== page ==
Bang, Molly. Picture This: How Pictures Work, Revised and Expanded 25th Anniversary Edition. Chronicle, 1991/2016. 134p. $28.99, 978-1-4521-3515-1.
Ever wonder why something in an illustration makes you feel tense or calm? That and similar questions are answered in this 25th anniversary revised edition of Bang’s Picture This: Perception and Composition (Bullfinch, 1991). I had the original edition and compared it to this new version and was greatly pleased to find this new presentation so effective.
Using paper cutouts in black, light purple, white, and red, Bang demonstrates many concepts relating to the composition of pictures, especially the twelve principles she spells out. These include the principal that flat horizontal shapes give us a sense of calm, while vertical shapes are exciting. Diagonals imply tension, and light backgrounds feel safe while dark backgrounds motivate fear. Each principal is paired to at least one illustration depicting the concept.
This new edition is larger in size but about the same number of pages, and it includes a new section “From Intent to Execution,” using examples from her own picture books. Using several illustrations from her Caldecott Honor book When Sophie Gets Angry – Really, Really Angry (Blue Sky Press, 1999), Bang describes elements of each picture used to elicit an emotion. For example, to create Sophie’s feeling of fury, the artwork contains a great deal of red, and Sophie’s shadow is much larger than she is to depict her heightened emotions.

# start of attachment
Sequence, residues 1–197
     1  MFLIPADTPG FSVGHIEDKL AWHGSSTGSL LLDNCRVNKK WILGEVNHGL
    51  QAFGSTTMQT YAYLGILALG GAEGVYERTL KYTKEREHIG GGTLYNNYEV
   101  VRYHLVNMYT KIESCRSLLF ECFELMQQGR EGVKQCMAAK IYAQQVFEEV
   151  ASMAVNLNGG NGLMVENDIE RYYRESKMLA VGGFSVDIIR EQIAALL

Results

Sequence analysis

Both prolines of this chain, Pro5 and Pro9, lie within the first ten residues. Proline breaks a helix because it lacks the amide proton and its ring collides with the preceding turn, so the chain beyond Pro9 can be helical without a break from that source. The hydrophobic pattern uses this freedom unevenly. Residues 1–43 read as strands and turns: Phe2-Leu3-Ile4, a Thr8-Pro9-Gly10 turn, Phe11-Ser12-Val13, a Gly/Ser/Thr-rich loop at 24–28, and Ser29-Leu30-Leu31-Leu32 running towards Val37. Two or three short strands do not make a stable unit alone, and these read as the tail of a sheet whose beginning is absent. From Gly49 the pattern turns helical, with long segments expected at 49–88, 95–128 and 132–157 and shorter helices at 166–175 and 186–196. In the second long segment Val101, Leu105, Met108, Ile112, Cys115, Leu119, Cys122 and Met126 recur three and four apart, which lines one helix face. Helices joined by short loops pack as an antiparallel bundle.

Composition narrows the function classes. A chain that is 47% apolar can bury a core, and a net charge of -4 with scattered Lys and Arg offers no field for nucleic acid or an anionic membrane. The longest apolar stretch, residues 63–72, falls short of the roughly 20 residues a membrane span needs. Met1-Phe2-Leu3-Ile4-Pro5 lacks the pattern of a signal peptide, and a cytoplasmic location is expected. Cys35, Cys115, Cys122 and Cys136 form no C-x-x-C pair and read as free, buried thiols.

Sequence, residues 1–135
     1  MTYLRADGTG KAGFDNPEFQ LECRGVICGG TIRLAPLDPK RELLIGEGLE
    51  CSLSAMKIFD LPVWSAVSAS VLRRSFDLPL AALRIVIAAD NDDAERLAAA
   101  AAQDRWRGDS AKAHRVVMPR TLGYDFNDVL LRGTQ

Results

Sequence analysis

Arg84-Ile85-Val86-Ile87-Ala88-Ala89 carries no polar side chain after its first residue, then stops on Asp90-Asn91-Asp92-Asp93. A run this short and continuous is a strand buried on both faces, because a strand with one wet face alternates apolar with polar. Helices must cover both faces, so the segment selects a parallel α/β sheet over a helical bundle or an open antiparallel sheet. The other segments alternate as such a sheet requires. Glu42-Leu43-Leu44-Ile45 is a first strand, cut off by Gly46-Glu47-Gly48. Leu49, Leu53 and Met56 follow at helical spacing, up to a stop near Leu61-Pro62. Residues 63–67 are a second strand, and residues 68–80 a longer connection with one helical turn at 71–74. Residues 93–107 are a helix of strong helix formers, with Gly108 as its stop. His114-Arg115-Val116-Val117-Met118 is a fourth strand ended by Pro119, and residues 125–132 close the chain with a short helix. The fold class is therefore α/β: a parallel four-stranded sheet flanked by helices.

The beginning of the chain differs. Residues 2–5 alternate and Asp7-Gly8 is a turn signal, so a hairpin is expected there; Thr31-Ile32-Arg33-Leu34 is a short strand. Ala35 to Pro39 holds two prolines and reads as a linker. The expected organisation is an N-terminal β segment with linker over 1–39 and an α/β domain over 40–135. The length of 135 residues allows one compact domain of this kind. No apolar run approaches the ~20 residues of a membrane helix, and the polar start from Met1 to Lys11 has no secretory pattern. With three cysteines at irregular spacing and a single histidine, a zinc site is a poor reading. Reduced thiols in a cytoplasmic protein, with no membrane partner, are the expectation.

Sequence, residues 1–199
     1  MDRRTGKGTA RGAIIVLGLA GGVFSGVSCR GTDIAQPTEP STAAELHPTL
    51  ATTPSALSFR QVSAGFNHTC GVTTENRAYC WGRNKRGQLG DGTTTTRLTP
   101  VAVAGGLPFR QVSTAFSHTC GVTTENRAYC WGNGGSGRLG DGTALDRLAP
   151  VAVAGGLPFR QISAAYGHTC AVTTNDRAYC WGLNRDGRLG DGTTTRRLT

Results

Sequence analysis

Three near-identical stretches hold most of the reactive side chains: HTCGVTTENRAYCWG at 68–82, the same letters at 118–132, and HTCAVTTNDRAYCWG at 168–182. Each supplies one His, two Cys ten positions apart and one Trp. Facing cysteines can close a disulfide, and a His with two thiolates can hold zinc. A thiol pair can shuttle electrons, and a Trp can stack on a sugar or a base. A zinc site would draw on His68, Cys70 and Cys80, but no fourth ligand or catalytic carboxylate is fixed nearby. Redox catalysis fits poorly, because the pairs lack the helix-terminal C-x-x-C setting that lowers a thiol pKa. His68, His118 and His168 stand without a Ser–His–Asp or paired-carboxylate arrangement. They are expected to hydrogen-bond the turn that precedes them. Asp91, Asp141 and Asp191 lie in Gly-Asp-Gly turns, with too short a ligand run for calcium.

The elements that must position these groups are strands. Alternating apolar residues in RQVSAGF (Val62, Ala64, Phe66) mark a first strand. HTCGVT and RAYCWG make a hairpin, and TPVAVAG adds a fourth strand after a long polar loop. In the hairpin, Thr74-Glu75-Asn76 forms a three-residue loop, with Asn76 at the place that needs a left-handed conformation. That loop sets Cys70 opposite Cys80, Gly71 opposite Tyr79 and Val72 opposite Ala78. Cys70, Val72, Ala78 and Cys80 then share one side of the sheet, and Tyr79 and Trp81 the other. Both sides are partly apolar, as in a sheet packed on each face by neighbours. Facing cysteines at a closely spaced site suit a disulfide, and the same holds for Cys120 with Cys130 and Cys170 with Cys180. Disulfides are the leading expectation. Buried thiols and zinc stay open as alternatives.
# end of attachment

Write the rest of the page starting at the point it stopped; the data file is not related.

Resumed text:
Although this book doesn’t cover art media or styles, it is a key resource for librarians who review picture books. The majority of the text is the same as the original but the new information and the improved book design make it a much more effective manual on how our visual perception and emotional reaction to pictures rely on these design principles. Highly recommended for staff development.
Penny Peck, SJSU iSchool